Dozens of people have died after a second day of tornadoes twisted through Oklahoma, this time taking aim at the town of Moore, south of Oklahoma City.Full Story >
Monday, May 20 2013 9:15 PM EDT2013-05-21 01:15:38 GMT
A massive tornado touched down to the southwest of Oklahoma City Monday afternoon. Starting out as a classic funnel it quickly became a giant half-mile wide wedge tornado as it proceeded east north eastFull Story >
A massive tornado touched down to the southwest of Oklahoma City Monday afternoon.Full Story >
Tuesday, May 21 2013 9:44 AM EDT2013-05-21 13:44:48 GMT
Eastbound 275 is closed this morning at the Kellogg due to a roll-over accident with an entrapment. The one car accident happened just after 3A-M. The car landed in the median. One person was takenFull Story >
Officers say speed and alcohol are suspected to be factors in the crash. Jones was wearing his seatbelt. Full Story >
Monday, May 20 2013 5:35 PM EDT2013-05-20 21:35:49 GMT
(RNN) - On May 3, 1999, an F5 tornado touched down near Chickasha, OK and cut northeast through the state before dissipating near Midwest City, OK.Monday's tornado that devastated Moore, OK closely followedFull Story >
In 1999, Oklahoma City saw an F5 tornado that caused more than $1 billion in damage. Full Story >
Tuesday, May 21 2013 6:22 AM EDT2013-05-21 10:22:59 GMT
Cincinnati Firefighters are responding to a fire in the 1800 of Jackson Street in Lincoln Heights. Witnesses reported seeing flames on the back side of the building. The location was known as "The SugarFull Story >
Crews from Woodlawn, Evendale and Wyoming are on the scene. The fire is out but the building is still smoking. Full Story >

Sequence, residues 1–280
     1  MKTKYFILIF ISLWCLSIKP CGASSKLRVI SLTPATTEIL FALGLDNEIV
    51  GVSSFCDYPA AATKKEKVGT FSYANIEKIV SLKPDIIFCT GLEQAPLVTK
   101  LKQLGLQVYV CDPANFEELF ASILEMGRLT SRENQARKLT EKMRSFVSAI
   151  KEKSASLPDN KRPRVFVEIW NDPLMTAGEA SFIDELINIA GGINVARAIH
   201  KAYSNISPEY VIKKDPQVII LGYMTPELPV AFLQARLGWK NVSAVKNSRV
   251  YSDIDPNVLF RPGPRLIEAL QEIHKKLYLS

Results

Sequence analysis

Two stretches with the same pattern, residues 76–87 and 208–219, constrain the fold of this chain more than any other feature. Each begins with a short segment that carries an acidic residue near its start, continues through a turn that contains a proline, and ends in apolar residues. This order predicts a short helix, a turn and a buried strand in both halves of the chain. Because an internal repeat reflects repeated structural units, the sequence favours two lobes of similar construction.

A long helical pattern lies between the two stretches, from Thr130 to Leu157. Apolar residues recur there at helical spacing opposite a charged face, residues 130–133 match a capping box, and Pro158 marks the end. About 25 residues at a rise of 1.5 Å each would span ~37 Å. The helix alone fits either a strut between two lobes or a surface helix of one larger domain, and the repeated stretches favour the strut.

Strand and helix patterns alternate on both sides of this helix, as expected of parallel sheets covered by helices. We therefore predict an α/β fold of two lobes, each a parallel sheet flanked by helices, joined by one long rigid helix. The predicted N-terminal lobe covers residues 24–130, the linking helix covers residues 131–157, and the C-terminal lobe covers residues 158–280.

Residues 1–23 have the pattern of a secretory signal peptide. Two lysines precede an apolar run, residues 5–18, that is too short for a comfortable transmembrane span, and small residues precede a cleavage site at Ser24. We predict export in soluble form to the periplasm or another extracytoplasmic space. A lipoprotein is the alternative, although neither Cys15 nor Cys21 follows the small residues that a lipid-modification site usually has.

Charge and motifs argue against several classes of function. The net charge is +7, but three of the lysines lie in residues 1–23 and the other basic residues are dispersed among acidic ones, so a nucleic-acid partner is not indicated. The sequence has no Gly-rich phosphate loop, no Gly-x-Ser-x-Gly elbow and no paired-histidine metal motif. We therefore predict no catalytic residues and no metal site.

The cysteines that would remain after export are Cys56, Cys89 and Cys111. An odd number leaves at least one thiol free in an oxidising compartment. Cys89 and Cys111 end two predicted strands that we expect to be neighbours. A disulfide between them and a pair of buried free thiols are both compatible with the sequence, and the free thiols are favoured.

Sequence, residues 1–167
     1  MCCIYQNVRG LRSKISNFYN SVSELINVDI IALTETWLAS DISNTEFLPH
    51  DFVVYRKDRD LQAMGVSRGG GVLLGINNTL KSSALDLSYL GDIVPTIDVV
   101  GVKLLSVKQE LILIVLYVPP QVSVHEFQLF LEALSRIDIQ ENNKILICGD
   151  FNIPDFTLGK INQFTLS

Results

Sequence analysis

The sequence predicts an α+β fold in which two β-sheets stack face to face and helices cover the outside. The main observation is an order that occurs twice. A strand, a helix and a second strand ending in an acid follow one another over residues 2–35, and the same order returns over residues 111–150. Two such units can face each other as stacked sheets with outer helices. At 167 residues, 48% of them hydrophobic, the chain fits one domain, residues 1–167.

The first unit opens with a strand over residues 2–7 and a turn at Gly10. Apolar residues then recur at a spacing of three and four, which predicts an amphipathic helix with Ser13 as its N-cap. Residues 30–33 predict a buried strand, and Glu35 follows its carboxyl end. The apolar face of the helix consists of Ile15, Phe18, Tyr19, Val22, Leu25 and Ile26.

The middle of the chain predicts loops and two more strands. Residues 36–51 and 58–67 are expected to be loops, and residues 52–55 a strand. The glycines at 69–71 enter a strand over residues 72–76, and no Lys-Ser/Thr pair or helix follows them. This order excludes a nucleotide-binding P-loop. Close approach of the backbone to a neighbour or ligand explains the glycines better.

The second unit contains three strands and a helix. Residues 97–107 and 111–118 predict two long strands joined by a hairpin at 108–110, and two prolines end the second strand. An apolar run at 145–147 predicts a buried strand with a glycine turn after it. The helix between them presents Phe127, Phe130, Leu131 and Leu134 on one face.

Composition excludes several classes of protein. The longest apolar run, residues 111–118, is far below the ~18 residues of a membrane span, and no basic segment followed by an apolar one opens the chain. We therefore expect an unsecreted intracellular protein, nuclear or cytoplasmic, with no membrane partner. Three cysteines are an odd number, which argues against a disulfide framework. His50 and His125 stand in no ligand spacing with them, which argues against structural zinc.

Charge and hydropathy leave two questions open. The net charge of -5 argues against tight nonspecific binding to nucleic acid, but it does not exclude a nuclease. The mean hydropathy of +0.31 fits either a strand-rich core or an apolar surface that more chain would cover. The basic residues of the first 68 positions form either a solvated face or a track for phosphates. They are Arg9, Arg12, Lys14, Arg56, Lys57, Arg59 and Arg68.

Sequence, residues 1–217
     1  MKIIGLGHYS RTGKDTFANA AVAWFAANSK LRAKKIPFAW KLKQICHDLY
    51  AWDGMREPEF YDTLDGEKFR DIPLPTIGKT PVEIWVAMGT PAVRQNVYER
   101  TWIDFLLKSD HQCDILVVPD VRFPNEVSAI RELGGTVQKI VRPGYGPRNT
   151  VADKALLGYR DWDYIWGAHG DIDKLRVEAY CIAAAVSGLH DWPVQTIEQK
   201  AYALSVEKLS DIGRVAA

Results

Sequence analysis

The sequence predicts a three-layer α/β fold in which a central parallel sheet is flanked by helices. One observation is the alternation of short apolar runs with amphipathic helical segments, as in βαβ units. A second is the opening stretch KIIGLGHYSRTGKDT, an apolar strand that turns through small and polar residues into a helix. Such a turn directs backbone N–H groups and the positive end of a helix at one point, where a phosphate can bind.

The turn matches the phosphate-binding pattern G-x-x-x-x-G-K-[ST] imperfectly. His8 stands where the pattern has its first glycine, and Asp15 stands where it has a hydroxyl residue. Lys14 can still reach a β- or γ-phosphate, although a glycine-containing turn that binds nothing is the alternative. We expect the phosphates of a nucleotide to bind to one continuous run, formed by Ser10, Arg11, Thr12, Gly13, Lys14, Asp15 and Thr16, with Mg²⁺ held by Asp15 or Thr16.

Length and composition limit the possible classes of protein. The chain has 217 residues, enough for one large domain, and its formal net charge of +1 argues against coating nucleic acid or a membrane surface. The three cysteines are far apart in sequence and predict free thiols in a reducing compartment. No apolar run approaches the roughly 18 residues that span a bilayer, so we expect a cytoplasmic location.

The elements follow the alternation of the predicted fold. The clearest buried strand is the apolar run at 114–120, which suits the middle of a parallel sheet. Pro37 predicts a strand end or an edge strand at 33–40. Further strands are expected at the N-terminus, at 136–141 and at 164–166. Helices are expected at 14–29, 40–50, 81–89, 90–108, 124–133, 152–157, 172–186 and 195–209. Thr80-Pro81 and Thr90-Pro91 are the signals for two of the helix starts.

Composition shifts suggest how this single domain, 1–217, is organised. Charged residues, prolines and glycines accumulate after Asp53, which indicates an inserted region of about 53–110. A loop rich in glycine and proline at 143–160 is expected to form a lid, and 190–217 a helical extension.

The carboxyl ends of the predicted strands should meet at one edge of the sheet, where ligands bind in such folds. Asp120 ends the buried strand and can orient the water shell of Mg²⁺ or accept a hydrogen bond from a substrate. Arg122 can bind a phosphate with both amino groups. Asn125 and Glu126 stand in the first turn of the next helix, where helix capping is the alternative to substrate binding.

A 23-year-old father is charged after allowing his 9-year-old daughter to drive. Police were called to the parking lot of Headland's State Park in Painesville Township on Sunday around 10:15 p.m. afterFull Story >
A Lake County, Ohio father is charged after allowing his 9-year-old daughter to drive.Full Story >
Monday, May 20 2013 10:39 PM EDT2013-05-21 02:39:58 GMT
Police are looking for the suspects who robbed the Fresh Market in Oakley. It happened just before 10 p.m. Monday night at the location on Madison Road. Initial reports are that two men with guns enteredFull Story >
Police are looking for the suspects who robbed the Fresh Market in Oakley.Full Story >
Monday, May 20 2013 10:00 PM EDT2013-05-21 02:00:13 GMT
Bonnie Esrig worked for the IRS for 38 years, many of which were spent in the Cincinnati field office. She retired in January 2013 as an Area Manager in Exempt Organizations Determinations. Esrig saysFull Story >
Bonnie Esrig worked for the IRS for 38 years, many of which were spent in the Cincinnati field office.Full Story >